Pocket parks on the drawing board for Little Village

  • By Jennifer Slosar
  • Environment Reporter
  • January 19, 2009 @ 9:15 AM

It’s an ongoing challenge for the park-poor Little Village community: How to transform vacant, abandoned and sometimes polluted lots into green spaces that foster flowers and soccer games.

Students at the alternative design school Archeworks are tackling this big problem by thinking about small spaces.

Working with the non-profit Neighbor Space, they aim to replace unused land with “pocket parks,” to be designed and maintained by residents.

Founded by in the early 1990s by Chicago architect Stanley Tigerman and designer Eva Maddox, Archeworks pursues a unique mission. Its cross-disciplinary student teams work closely with community groups to address real-world social and environmental problems.

“In addition to design, a lot of the work here focuses on the building of social relationships, either with individuals, government or community entities,” says Kees Lokman, a landscape architect and a facilitator on the project.

Community groups welcome the help. They view park space as vital for the health of the densely populated and demographically young community.

 “This is kind of a different approach for us,” says Christine Bronsing, health coordinator at Enlace, a community development corporation that is partnering with Archeworks.

 “We’ve tried to get larger parcels developed for parks and haven’t had a lot of success, due to political obstacles and other factors.”

Little Village’s deficit in open space is well documented. According to city reports,  it contains the least green space per capita of any Chicago neighborhood.

Last semester was all about research to prepare for the “visioning” process.

The seven students, who receive a professional certificate when they've completed the program, walked the neighborhoods, talked with residents and consulted dozens of city and census reports. They studied parks in the Chicago and other cities. They mapped out gang boundaries, schools, existing green spaces and areas of concentrated air pollution.

Kadi  Franson, a 24-year-old artist from Pilsen, says she looks forward to resident's suggestions for incorporating the heritage of the primarily Latino community into park spaces.

“I’m very drawn to Hispanic culture and art—the colors, the craftsmanship, the family orientation,” says Franson.

Aaron Drake, 27, is a sail maker who studied political science in college, where he became “disenchanted with big government solutions” and excited about the potential for problem-solving at the community level.

He says the group has learned that it’s rare for community-managed parks to survive long-term.

“The key question for us is, ‘How do we get people to get excited enough to stay involved,” he says. “We don’t want to just put something in and find two years down the road that it’s in disrepair.”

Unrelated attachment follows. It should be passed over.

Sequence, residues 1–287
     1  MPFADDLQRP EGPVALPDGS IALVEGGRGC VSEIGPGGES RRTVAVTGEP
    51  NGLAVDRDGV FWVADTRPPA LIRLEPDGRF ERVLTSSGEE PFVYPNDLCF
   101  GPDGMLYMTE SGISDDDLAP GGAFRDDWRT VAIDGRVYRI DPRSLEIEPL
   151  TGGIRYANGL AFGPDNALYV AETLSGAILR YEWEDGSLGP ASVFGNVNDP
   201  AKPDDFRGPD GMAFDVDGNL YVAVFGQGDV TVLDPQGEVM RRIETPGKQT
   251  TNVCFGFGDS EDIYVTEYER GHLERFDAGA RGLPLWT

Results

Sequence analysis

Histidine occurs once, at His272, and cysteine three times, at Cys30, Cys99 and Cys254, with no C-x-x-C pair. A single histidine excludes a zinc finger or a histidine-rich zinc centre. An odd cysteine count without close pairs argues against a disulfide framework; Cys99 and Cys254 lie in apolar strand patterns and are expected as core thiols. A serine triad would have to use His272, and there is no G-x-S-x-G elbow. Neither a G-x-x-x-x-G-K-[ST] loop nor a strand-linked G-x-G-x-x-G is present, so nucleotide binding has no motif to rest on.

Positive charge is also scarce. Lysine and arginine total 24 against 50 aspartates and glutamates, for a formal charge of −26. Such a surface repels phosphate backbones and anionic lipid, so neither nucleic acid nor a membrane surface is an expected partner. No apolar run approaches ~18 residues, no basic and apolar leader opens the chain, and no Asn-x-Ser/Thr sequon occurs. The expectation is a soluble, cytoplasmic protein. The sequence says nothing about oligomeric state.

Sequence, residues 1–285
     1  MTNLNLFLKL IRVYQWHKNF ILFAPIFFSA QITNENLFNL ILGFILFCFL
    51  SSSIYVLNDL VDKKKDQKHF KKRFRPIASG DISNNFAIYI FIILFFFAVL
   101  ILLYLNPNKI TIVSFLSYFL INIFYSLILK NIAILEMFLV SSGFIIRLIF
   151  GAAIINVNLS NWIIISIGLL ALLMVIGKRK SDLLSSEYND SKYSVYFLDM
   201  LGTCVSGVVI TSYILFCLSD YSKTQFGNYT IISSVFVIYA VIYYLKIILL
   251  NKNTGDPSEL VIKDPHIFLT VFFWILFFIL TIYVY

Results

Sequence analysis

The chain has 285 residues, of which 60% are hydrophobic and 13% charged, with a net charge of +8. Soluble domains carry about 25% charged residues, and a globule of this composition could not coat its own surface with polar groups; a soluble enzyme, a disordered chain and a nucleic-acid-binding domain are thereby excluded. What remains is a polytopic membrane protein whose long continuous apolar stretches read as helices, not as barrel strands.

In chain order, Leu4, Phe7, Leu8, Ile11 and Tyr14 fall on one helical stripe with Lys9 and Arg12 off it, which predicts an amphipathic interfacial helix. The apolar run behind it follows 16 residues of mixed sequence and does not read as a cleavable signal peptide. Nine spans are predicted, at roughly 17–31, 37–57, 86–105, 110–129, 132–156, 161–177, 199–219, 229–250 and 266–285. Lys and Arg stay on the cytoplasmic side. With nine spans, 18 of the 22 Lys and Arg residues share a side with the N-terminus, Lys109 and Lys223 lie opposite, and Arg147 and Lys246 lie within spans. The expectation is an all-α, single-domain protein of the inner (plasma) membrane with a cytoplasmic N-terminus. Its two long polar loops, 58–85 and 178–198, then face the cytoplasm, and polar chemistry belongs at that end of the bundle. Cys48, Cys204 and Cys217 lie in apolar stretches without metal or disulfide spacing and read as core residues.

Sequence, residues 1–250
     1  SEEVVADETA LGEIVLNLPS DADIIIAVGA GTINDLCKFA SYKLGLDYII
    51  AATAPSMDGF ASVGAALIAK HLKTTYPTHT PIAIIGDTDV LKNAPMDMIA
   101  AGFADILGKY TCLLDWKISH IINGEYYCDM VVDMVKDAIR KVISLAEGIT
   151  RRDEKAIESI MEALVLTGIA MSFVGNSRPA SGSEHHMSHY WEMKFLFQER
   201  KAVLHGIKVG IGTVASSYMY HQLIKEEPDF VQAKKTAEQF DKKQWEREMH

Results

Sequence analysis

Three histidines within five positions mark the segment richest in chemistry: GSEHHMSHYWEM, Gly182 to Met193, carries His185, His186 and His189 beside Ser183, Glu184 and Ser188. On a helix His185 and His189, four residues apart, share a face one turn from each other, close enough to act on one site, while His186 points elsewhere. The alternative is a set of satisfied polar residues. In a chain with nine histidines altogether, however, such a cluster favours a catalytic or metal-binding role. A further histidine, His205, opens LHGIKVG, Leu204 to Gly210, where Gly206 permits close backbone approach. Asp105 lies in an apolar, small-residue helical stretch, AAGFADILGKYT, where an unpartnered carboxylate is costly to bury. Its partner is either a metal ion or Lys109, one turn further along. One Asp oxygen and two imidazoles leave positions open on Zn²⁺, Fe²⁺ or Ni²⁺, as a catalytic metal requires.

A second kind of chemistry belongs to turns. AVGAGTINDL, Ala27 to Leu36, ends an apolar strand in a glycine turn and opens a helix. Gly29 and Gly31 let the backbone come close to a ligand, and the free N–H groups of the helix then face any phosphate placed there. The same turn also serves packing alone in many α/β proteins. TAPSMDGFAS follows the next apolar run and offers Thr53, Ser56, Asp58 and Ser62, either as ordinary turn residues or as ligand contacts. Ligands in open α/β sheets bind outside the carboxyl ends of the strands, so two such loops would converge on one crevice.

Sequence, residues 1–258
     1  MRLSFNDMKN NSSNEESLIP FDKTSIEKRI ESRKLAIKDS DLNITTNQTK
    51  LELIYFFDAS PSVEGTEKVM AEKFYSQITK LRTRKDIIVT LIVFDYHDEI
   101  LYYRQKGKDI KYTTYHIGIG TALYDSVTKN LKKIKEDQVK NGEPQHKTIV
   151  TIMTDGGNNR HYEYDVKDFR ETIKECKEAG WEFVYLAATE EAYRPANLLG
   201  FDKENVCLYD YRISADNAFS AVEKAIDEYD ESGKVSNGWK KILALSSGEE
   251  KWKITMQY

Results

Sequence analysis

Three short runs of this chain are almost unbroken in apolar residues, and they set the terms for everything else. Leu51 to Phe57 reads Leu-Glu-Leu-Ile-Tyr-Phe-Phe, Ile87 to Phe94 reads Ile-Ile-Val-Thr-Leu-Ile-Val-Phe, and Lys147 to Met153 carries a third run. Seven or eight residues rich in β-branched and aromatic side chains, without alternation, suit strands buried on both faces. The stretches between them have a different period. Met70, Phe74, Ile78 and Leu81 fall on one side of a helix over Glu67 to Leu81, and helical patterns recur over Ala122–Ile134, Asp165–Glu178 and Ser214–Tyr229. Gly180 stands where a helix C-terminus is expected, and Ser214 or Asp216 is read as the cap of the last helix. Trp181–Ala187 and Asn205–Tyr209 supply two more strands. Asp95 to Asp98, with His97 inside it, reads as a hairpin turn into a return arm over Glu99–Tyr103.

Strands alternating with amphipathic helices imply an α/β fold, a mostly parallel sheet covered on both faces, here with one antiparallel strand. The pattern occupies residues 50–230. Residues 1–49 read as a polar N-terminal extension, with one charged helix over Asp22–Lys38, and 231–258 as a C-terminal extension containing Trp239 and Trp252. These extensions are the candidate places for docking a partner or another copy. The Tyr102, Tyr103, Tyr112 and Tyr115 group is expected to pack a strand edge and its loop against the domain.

The students adjusted course after a mid-term critique, says Chris Vandenbrink, 26, an architect.

“We zoomed out to focus more on how to connect the entire community,” says Vandenbrink. “We ultimately came up with a very layered grid that included alternative transportation routes and different ways to give the whole community access to green space.”

The concept of “safe streets” to provide passage between neighborhoods and parks will play a key role in this interconnectedness, says Vandenbrink.

One idea along these lines is to “green” 26th Street, a business thoroughfare that runs through Little Village.

This semester, the students will take their broad plans to the community through a “charette,” a multi-day, hands-on design roundtable with neighborhood leaders and interested residents.

As a preliminary step, they’re recruiting a steering committee and strengthening connections with groups like the Little Village Environmental Justice Organization and the Little Village Violence Collaborative.

At this point, they’ve identified four to five sites that could host community gardens or recreational space. They emphasize that residents’ input will be crucial as they get down to the design details.

“We’re hoping to get these charettes going and be breaking ground by Spring,” says Franson.



Jennifer Slosar is a Chicago-based freelance journalist. She covers environmental issues for the Daily News


MICHAEL PITULA, 01-21-2009


This story COMPLETELY omits the viewpoint of the Latino/Mexican/Chicano/immigrant (Hispanic!?) who make Little Village the Mexican capital of the Midwest.

Where are quotes from the mothers of children who don't have a place to play, who don't have adequate programs after school?

Where are the quotes from youth who want a skate park?

South Lawndale (Little Village) has the youngest average population and the densest population of any community area in the city. It also has the least park space per capita. There is a child obesity epidemic here, in part because children do not have safe places to play and exercise.

There has not been a new park in Little Village in nearly half a century.

Please come talk to the residents when you do a story about new projects in their community.



I think your angst is a bit misplaced here.

We believe seeking comment from the people most affected by the issues we write about is a key journalistic responsibility.

However, in this case, we're writing about a specific program, not the general need for parks. The program hasn't yet signed up any local residents, so it's tough to find anyone directly affected by it.

I'm sure will follow up on this issue once things have gotten going a bit more, and then we would be sure to interview program participants, as well as people in the neighborhood impacted by the program.